Posts filed under ‘Pricing’

DBRx Launches New Workshop Track at Vision11



The small-group, consultative approach of the Design Business Rx sessions run by Deb and Susan at the Vision shows have proven to be both extremely popular and incredibly fulfilling for the participants. So, in the spirit of DBRx, there is now an entire track of small-group workshops, focused on key topics past attendees have requested. Presented by acknowledged industry experts, the DBRx workshops provide an opportunity for you to receive specific advice and information based on your interest and needs. These business-changing strategy sessions are intense, detailed and focused on YOU, allowing you to leave Vegas with pragmatic action plans that will grow your business. 

Deb and Susan along with industry experts Melissa Galt, Vita Vygovska and Vickie Ayres will be presenting the following workshops:

  • How to Ignite Demand in YOUR Client Base
  • Fame 101
  • 5 Marketing Mindsets to Make YOUR Design Business Profitable
  • She Told Two Friends: Developing a Powerful Client Referral Systems
  • QuickBooks Deep Dive
  • Love Your Business Twice as Much—And Get More Done in Half the Time!
  • From a Whisper to a Shout: Social Marketing Secrets for Designers
  • The Power of Packaging: Bundle your Services & Build Sales

DBRX@Vision11 is a series of educational workshops that will run as an adjunct to the Vision 11 seminar program in Las Vegas. Unlike the general seminars, these will be highly focused, more advanced sessions, where a small group of attendees will walk out the door with something—a marketing plan, a press kit, a new target market,  improved customer service techniques, etc. etc.

You’ll be working in sessions with 10 people, at the most, in order to give you  the time and expertise necessary. This will most likely require pre-show and post-show homework on your part.  Each workshop notes any additional preparation, exceptions or materials.

 

7 February 2011 at 2:37 pm 2 comments

More Money, Less Pain

The June edition of Psychological Science published the results from six experiments conducted by psychologists and a marketing professor that tested the power of money in relation to social interaction. In one of the most startling results, they found that merely touching money or thinking about expenses affected participants both physically and emotionally.

In one experiment volunteers were asked to take a “finger-dexterity” test, one group counted stacks of $100 bills, while the other group counted paper. Afterwards both groups were but into a social interaction simulation where they were meant to feel snubbed and isolated. The group that counted out the money before the simulation rated their level of social distress much lower than the group that counted paper.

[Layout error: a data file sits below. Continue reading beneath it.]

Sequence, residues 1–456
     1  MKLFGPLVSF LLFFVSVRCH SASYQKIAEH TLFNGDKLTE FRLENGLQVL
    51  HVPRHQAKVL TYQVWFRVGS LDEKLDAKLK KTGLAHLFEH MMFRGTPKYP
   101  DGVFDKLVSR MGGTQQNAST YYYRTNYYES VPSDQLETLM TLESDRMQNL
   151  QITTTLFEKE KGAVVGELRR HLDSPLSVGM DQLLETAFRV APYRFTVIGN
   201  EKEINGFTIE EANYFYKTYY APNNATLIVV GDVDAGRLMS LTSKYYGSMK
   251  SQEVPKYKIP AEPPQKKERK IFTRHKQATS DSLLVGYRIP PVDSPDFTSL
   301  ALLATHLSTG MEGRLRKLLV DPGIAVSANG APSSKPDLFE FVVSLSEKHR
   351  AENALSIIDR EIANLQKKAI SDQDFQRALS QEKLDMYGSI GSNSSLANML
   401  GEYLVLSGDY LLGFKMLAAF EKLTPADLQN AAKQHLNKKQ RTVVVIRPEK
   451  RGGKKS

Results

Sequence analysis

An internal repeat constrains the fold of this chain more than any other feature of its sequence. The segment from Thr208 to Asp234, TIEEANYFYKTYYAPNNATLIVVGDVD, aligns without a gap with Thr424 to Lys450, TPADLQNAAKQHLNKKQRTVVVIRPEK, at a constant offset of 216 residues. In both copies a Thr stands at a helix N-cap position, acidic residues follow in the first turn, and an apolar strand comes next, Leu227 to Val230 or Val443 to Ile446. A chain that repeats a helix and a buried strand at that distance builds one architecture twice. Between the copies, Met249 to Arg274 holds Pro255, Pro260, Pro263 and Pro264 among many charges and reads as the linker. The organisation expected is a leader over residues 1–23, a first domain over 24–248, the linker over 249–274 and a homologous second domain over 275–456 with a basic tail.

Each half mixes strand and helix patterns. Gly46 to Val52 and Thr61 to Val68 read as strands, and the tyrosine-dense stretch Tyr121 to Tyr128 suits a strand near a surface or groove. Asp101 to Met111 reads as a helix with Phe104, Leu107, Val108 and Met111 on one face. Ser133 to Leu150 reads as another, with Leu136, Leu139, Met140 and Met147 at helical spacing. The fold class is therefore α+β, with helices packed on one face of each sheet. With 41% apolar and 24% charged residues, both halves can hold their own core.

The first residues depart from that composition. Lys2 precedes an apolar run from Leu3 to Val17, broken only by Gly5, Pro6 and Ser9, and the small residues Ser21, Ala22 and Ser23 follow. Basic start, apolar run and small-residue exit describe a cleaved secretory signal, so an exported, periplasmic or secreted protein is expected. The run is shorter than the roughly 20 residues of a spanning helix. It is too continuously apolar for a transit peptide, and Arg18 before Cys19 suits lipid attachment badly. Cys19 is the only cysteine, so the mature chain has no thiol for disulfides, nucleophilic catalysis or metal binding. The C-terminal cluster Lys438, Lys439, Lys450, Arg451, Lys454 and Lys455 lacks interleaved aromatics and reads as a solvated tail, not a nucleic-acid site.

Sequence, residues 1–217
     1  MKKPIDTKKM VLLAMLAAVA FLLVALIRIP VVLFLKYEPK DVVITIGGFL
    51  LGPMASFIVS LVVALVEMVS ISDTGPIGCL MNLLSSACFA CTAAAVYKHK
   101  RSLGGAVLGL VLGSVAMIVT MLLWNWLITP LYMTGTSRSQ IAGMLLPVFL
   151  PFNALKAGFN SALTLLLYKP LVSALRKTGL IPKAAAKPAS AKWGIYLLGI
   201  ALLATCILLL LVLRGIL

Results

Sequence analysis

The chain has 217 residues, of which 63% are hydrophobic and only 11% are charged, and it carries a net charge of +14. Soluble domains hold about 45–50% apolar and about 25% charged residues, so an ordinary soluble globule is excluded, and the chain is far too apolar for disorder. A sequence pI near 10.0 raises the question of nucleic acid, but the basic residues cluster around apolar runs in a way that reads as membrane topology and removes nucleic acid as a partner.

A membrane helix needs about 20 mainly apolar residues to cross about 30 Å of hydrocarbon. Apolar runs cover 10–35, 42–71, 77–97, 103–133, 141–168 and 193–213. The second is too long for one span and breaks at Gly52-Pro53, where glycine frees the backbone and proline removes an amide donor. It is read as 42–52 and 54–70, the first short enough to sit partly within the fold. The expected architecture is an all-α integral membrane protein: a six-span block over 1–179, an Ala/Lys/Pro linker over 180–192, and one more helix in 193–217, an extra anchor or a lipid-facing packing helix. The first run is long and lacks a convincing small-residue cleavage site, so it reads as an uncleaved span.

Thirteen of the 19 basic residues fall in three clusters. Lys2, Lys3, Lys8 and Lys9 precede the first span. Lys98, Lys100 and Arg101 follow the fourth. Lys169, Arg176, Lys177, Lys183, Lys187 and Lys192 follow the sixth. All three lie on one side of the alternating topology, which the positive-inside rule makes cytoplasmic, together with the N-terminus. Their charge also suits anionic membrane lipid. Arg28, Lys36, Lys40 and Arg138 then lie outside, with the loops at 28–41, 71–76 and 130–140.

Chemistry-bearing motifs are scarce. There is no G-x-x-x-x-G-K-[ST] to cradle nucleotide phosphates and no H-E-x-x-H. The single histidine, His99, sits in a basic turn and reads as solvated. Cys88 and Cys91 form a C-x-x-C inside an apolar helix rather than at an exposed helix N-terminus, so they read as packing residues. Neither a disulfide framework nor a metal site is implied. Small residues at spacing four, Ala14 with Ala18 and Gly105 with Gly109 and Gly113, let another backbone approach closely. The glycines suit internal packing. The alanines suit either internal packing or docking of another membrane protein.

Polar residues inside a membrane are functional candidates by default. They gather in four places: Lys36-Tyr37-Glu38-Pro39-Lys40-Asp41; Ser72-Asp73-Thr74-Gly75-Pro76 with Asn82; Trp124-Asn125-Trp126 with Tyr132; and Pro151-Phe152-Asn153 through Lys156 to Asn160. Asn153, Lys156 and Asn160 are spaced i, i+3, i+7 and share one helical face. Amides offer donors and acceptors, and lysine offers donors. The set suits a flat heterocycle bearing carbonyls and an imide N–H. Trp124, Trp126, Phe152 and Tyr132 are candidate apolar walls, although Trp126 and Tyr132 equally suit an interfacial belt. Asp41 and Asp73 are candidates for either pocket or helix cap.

In another experiment, the same “finger-dexterity” test was taken and then the volunteers were asked to dip a finger in very hot (122 degree) water. Those who counted the money rated their pain as lower than those who counted paper.

The pain test was then repeated but with the volunteers now writing about either their expenses the previous month, or the weather. After the finger dip, those who wrote about spending their money rated their pain as higher than those who wrote about the weather!

“These effects speak to the power of money, even as a symbol, to change perceptions of very real feelings,” like pain, said Kathleen Vohs, a marketing professor at the University of Minnesota and co-author of the study.

What does this mean for the designer? It’s just one more thing to consider when presenting the project costs. Clients need to feel comfortable enough with the potential of your work to transform their lives and their interiors to offset the real and psychological pain of letting go some of their hard-earned money! It’s about making sure the client understands the value–both immediate and long term–of investing in their home décor; so that the experiential satisfaction they get from the process and the results more than offsets the purchasing pain.

See more about this on Live Science. Within that article are also links that discuss the value of “experiential” purchases vs. “product” purchases.

7 August 2009 at 8:46 am Leave a comment

Commitment Pricing, Part 2

I was speaking to someone about yesterday’s commitment pricing post and he made me realize I left out  some important information. So here’s a follow-up.

First, I don’t want it to appear that I was advocating raising your prices with no consideration for any of the other components that go into setting your prices.

To be successful with commitment pricing you need your clients to invest more than just money with you. They need to invest their time, attention and emotions in order to realize the full value of what they’re purchasing. Now custom design is already a time-intensive and emotionally fraught process, but it’s important to remember that you’re not in the business of selling products, but of an improved, enhanced, more beautiful life. If that’s not worth an investment in time, attention and emotion, I don’t know what is!